Best of all, though, is the wild adrenaline rush of the White Turf thoroughbred races (like nothing else you’ll ever have experienced). Organised in St. Moritz for well over a hundred years, and held on the frozen lake, this is the highest horse-race in Europe.

IMAGE: Horses racing across the snow on the frozen lake

The horse-racing at White Turf creates an impressive spectacle (Photo (C) White Turf, Swiss-Image, Andy Mettler)

Healing waters

For something a little more sedate, how about a trip to the healing mineral springs? Discovered some 3,000 years ago, St. Moritz has long been renowned as a spa town. Nowadays, it is still possible to enjoy these iron-rich mineral water and to buy items such as Alpine mud packs – which make a great souvenir.

Other good mementos include local specialities such as the famous Engadine nut tart, the charming vintage posters of the resort or look out for some festive fairy-lights. Fun fact: Switzerland’s first electric light was switched on at the historic Kulm Hotel here during the Christmas of 1878.

At the other end of the scale, fashionistas will be spoilt for choice with the profusion of designer labels found across St. Moritz – and be sure to squeeze in a visit to Via Serlas, Europe’s highest outdoor shopping promenade, during your trip.

Five-star luxury

Of course, the other thing we haven’t talked about yet is where to stay – but, suffice to say, you won’t be short of luxury options. As we touched on earlier, there’s a whole host of fantastic five-star hotels in St Moritz.

As well as the aforementioned Kulm Hotel (one of the most iconic and also where the Cresta Run begins), other favourites include the Grand Hotel des Bains Kempinski (all-out luxury in a breath-taking mountain setting); Badrutt’s Palace Hotel (one of the region’s most renowned hotels and a one-time favourite of Alfred Hitchcock); and the Carlton (a picture-perfect hotel with views over the lake).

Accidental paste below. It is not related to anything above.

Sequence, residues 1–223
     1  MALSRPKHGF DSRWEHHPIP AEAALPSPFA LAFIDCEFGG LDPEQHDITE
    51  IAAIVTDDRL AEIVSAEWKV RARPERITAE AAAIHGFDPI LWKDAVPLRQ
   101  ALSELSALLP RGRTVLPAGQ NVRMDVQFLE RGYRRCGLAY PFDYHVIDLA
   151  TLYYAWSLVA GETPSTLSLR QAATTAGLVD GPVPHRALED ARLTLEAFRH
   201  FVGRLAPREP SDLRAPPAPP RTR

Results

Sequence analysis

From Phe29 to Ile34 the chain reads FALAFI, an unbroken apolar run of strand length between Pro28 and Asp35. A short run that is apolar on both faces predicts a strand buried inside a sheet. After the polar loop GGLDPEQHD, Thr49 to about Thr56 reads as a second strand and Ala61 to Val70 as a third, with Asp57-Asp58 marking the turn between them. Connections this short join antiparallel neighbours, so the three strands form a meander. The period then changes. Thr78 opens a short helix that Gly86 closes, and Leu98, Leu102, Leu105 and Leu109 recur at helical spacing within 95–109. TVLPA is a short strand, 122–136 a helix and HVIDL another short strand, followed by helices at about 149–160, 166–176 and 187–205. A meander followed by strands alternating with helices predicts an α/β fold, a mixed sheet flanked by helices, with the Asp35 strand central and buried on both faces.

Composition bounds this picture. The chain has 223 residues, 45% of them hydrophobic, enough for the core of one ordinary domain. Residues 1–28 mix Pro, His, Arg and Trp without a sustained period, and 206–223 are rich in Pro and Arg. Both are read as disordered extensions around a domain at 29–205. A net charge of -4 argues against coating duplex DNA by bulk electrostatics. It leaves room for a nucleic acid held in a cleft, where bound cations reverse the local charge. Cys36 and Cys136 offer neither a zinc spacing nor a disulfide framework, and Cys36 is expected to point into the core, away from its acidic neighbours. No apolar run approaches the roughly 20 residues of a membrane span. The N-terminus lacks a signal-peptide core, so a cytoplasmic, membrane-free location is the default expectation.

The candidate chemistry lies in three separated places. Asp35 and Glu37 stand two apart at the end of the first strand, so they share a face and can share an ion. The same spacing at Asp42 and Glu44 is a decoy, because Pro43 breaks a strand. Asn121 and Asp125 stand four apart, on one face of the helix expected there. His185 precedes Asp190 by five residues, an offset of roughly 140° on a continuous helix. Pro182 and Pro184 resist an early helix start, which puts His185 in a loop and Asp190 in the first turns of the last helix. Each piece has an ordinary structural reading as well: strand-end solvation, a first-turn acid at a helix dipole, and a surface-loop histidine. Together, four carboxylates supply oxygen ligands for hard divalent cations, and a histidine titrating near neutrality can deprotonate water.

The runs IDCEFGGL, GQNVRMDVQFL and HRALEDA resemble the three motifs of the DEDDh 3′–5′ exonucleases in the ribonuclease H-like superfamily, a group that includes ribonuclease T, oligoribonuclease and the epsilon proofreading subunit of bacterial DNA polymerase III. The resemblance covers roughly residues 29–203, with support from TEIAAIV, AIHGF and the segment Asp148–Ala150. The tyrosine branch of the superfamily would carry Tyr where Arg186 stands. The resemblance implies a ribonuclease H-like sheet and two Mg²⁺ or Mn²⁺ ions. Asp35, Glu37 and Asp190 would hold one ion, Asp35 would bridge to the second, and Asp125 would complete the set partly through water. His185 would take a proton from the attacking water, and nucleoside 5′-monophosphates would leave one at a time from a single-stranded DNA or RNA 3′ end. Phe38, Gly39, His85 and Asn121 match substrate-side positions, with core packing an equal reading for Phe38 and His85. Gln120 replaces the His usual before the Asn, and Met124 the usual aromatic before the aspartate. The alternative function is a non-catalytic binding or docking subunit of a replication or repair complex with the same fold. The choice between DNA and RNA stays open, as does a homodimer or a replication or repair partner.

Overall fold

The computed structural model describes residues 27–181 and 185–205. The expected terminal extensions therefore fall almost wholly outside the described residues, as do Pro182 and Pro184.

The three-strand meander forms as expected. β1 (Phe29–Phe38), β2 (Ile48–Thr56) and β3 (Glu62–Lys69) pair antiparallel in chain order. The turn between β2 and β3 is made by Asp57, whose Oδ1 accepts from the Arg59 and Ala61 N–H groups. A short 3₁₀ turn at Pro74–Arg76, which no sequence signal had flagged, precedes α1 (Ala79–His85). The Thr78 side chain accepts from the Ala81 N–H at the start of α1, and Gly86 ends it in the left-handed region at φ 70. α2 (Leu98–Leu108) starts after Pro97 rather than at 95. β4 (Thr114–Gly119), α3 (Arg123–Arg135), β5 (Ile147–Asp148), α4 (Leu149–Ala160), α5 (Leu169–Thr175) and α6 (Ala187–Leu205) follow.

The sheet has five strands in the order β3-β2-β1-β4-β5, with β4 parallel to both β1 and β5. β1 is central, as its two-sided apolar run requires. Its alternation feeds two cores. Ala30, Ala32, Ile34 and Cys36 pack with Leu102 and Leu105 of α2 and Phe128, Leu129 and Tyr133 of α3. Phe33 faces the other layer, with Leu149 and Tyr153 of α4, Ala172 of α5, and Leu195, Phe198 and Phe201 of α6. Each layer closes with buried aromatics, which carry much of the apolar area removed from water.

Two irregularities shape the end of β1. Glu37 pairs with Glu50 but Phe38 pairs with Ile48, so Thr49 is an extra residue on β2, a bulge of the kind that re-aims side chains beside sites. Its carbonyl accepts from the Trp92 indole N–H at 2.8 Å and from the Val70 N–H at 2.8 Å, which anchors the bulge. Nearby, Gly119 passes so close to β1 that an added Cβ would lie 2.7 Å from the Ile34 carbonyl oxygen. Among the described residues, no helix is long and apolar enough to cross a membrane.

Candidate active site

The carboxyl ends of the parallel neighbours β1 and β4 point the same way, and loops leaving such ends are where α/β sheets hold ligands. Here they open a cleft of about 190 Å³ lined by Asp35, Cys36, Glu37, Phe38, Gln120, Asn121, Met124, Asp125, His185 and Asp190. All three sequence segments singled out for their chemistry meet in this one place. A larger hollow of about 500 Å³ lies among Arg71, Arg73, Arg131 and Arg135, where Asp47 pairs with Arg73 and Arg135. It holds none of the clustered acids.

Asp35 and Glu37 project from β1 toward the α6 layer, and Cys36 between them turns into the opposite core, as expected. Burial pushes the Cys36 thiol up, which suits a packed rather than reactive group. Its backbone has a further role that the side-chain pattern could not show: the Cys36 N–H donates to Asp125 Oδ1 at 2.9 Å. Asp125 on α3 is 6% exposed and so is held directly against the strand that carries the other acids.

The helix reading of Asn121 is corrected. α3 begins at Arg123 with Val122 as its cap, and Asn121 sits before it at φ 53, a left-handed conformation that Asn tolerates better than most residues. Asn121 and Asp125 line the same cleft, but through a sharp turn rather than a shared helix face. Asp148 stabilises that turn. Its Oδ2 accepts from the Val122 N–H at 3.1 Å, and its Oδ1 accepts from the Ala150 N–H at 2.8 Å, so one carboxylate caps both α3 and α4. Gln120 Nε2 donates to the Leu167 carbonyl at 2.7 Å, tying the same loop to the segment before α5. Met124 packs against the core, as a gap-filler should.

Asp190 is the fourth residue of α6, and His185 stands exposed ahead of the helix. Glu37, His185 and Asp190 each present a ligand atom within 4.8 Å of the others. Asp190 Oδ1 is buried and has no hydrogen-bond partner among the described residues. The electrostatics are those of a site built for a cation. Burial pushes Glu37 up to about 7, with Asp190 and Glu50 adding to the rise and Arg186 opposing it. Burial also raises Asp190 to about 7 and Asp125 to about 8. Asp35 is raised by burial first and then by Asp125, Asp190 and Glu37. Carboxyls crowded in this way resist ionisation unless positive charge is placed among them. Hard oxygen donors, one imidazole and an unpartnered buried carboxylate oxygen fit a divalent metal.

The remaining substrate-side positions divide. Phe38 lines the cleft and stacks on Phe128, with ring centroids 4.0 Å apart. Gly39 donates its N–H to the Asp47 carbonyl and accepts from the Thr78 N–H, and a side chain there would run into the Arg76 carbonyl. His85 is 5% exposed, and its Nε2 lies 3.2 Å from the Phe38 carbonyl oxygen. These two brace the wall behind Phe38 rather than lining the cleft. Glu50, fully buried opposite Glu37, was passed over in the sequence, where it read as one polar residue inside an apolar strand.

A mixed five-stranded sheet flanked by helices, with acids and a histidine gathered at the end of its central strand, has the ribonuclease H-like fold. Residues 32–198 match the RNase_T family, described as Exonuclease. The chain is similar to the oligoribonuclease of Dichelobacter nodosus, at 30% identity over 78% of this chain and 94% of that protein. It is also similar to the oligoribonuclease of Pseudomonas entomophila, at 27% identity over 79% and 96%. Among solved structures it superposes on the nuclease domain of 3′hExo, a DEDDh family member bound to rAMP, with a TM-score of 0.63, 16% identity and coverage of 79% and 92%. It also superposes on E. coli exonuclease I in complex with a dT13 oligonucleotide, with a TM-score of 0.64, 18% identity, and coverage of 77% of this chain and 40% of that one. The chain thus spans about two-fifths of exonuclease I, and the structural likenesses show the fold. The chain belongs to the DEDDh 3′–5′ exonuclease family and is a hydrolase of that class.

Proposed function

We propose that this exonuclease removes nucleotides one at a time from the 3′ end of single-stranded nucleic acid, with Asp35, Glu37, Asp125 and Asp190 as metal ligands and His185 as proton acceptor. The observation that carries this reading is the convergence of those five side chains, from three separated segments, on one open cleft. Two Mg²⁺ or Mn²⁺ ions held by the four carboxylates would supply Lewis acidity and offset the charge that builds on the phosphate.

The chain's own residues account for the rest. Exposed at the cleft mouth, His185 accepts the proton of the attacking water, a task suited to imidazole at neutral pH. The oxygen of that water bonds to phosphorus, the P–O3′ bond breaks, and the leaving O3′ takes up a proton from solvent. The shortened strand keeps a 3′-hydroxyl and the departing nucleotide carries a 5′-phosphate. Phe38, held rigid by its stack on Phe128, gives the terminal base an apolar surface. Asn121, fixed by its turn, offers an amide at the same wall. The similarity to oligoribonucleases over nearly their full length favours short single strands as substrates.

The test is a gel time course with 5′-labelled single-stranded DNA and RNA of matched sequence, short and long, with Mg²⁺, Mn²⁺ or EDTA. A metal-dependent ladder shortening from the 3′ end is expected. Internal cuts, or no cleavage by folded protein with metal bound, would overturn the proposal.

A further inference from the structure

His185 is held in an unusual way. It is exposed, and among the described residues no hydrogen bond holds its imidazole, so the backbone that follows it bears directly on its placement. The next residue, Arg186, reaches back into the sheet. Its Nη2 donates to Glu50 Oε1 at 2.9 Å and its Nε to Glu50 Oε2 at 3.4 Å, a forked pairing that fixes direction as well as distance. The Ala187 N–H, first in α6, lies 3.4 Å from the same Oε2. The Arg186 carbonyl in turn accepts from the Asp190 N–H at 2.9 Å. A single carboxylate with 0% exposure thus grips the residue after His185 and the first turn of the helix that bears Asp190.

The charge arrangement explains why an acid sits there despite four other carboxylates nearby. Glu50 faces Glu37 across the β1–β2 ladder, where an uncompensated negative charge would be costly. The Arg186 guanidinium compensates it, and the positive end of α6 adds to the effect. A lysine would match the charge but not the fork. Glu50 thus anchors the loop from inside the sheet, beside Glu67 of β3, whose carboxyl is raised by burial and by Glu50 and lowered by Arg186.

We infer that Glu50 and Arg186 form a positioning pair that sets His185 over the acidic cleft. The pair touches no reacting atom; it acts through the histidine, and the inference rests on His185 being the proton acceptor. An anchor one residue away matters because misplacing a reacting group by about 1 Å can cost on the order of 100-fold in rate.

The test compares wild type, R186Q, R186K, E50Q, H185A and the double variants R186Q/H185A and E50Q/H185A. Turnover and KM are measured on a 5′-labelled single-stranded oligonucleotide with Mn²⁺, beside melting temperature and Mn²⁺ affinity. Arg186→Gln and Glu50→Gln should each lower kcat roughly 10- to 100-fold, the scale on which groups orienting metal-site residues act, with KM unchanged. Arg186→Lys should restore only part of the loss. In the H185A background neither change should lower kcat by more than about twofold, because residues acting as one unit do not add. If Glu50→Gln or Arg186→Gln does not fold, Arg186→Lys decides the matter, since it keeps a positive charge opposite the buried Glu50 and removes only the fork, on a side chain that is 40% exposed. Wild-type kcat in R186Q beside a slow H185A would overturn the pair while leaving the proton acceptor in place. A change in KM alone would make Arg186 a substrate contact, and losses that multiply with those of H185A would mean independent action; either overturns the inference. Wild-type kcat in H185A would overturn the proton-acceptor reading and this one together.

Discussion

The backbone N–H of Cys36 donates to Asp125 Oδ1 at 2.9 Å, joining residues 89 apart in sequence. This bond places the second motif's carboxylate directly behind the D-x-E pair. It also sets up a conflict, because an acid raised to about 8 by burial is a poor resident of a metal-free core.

Alternatively, if you’re looking for something a little different, the Grace is a newly-renovated boutique hotel also overlooking the lake (due to open in 2020) – or, for best value, you can’t beat Hotel Eden (a friendly, family-orientated hotel).

Incidentally, it’s worth knowing that if you book more than one night at any hotel offering the Hotel and Ski Pass combination, you’ll also get your ski pass for a much cheaper rate. With this special offer, you get to enjoy not only the hotel accommodation but also up to 88 pristine ski pistes, three snow parks, 58 mountain railways and cableways and access to 32 mountain restaurants with snow terraces.

IMAGE: The restaurant El Paradiso against the mountain backdrop

The restaurant El Paradiso is found in a stunning setting (Photo (C) Filip Zuan, St. Moritz Tourismus)

Après-ski scene

On that note, the restaurant scene in St. Moritz really is out of this world. From cute slope-side chalets serving specialities such as fondue and nut tarts – one of our own favourites is El Paradiso –all the way through to the finest Michelin fare, you’ll be sure to find it here.

For a truly exceptional dinner, book a table at the double Michelin-starred restaurant Ecco on Snow at the Hotel Giardino Mountain, in Champfèr, where chef Rolf Fliegauf is at the helm. Then there’s the Michelin-star restaurant of the Kulm Hotel, ‘The K by Tim Raue’, where this famous celebrity chef serves up his intense, aromatic creations. Equally impressive is the Michelin-star restaurant of Badrutt’s Palace, IGNIV by Andreas Caminada, where this celebrated Swiss chef leads the talented team.

Other more relaxed dining options include the popular pizzeria at Badrutt’s Palace, ‘Chesa Veglia’, a draw for locals, tourists and stars alike; the gourmet restaurant and club called CHE-CHA, close to Chantarella, the middle station of the Corviglia; or, for a break on the slopes, the Georgy-Hütte, beyond Pontresina, is the highest mountain hut in the Engadine.

Finally, there is also a vibrant social scene here in St. Moritz and a host of great places to enjoy a drink or two. Among our own favourites are the Renaissance Bar, a cosy retreat at Badrutt’s Palace; the Hossa Bar, one of the best-known in the Engadin; or Devil’s Place, a bar that is reportedly home to the world’s largest whisky collection. And why not finish the night with a visit to the Casino St. Moritz in the Grand Hotel des Bains Kempinski or by clubbing at glitzt nightspot, Dracula?

Whatever you decide to do during your stay in St. Moritz, you won’t be disappointed. In short, this is the height of skiing sophistication at its very best.

• For more information, see the official tourist information here